Many infants and toddlers whom we see are very sensitive to touch. They do not want to be touched, don't want their teeth brushed, or do not like certain textures of foods or perhaps mixed food textures. The term "tactilely defensive" is sometimes used. We have found that by using oral massage, direct muscle stimulation, and an oral normalization program (using the NUK massager), infants and toddlers are able increasingly to tolerate touch in the lip and tongue area. The massage program begins with the arms and legs and gradually moves toward the face and intra oral area. A detailed description of the program is included in an article by Kumin and Chapman (1996). We find that babbling and sound making increase after the oral normalization activity. Once the child can tolerate touch and can freely move the articulators, an oral motor skills program is introduced. This might include blowing whistles, blowing bubbles, making funny faces, and sound imitation activities. Generally, the clinician will imitate the child rather than providing a model to imitate.

   The basis for communication is social interaction, and certain conversational skills such as turn taking can be developed at a very young age through play (MacDonald, 1989). Peek-a-boo games and handing a toy or musical instrument back and forth are ways of developing turn taking. There are many pre-language skills that can be addressed in treatment before the child is able to talk, so therapy should begin early, before the child speaks the first word (Kumin et al., 1991).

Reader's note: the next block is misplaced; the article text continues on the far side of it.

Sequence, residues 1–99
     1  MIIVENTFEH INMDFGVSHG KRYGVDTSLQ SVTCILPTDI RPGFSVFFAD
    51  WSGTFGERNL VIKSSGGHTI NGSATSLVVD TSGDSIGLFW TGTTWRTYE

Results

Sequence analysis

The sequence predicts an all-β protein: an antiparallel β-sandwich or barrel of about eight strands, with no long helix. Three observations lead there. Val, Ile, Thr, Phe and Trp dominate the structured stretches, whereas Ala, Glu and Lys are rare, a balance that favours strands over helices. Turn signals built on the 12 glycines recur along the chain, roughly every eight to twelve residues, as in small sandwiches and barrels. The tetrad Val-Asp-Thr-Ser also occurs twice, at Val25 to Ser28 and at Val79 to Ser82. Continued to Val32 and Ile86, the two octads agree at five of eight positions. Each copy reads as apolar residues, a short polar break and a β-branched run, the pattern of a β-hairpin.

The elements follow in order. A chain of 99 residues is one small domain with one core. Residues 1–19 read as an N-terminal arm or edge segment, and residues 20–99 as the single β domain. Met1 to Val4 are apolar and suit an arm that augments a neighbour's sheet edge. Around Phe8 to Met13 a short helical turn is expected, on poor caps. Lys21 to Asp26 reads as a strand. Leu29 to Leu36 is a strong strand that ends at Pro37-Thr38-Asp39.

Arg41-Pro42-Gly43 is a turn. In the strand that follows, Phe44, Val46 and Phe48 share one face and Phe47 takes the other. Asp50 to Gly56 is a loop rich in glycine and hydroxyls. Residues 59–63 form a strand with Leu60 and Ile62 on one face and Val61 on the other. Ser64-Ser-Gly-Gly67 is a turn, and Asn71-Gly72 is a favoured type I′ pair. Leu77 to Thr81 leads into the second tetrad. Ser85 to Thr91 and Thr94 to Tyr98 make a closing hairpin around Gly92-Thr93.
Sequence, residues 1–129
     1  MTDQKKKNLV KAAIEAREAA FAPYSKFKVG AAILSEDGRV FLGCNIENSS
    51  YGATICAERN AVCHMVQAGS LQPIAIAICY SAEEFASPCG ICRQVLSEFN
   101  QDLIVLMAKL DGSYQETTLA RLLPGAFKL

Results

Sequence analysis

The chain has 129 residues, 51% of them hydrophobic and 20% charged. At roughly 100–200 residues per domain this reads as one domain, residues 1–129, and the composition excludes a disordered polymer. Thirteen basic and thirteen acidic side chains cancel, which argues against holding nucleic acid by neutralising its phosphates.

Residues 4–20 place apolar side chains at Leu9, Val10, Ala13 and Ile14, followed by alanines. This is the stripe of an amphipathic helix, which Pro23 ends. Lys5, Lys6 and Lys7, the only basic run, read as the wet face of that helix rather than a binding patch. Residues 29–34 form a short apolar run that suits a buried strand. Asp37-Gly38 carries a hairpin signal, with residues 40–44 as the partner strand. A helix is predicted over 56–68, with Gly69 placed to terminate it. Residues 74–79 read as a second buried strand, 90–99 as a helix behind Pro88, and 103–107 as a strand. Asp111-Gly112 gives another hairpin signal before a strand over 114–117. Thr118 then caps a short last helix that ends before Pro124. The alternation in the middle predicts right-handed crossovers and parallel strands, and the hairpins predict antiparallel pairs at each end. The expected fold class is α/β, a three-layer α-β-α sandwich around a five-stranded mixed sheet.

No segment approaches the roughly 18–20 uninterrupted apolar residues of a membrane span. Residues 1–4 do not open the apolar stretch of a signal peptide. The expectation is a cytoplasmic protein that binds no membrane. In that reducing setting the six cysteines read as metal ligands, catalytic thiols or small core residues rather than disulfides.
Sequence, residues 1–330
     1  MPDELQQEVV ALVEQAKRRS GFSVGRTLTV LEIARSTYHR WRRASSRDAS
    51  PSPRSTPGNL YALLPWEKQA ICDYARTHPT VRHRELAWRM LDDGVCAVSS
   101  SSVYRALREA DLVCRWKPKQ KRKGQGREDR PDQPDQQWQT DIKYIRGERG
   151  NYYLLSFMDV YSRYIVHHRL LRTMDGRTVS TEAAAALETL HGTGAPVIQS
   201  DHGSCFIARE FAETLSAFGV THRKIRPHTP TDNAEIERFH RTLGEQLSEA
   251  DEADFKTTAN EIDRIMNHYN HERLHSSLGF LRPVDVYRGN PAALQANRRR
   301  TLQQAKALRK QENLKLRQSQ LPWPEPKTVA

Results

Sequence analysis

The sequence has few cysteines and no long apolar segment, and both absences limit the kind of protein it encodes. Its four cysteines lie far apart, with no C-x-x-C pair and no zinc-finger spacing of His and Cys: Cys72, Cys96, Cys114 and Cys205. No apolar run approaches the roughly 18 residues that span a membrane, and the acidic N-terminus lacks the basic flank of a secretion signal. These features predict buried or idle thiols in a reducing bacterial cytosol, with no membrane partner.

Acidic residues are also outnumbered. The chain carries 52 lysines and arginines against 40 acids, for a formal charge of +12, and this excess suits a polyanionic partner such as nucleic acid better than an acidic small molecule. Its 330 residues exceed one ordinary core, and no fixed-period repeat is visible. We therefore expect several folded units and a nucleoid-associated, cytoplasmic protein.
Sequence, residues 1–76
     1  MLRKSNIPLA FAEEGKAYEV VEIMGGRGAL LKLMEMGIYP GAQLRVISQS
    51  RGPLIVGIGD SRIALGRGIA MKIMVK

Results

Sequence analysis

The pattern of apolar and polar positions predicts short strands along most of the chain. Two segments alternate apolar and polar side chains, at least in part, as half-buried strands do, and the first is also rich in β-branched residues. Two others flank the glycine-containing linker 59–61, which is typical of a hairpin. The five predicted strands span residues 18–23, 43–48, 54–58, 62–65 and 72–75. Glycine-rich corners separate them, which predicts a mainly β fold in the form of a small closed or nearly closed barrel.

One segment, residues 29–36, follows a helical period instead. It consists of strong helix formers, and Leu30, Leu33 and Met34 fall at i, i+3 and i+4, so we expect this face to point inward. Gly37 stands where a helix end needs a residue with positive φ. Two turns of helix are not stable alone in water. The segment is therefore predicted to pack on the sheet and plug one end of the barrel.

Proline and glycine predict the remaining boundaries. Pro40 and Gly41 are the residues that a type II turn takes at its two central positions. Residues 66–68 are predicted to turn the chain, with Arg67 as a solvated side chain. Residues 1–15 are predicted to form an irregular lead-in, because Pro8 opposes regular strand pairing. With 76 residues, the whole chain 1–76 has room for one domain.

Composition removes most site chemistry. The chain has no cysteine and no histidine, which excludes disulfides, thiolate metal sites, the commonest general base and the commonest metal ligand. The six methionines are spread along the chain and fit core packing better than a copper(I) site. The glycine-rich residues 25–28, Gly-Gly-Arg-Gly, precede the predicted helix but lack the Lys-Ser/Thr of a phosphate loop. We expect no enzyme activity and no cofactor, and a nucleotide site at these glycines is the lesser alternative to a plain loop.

Infants with Down syndrome, by 8 months to 1 year, have a great deal to communicate with the people around them. If they do not have some way of communicating their messages, young children become frustrated by their inability to be understood. A transitional communication system is very important until the child is neurophysiologically able to speak (Gibbs and Carswell, 1991). Although speech is the most difficult communication system for children with Down syndrome, more than 95% of children with Down syndrome will use speech as their primary communication system. Total communication (use of sign language plus speech), communication boards or computer communication systems may be used as communication systems until the child is ready to transition to speech. (Kumin, 1994; Kumin et al., 1991; Meyers, 1994). Research has shown that children with Down syndrome will discontinue using the sign when they can say the word so that it is understandable to those around them.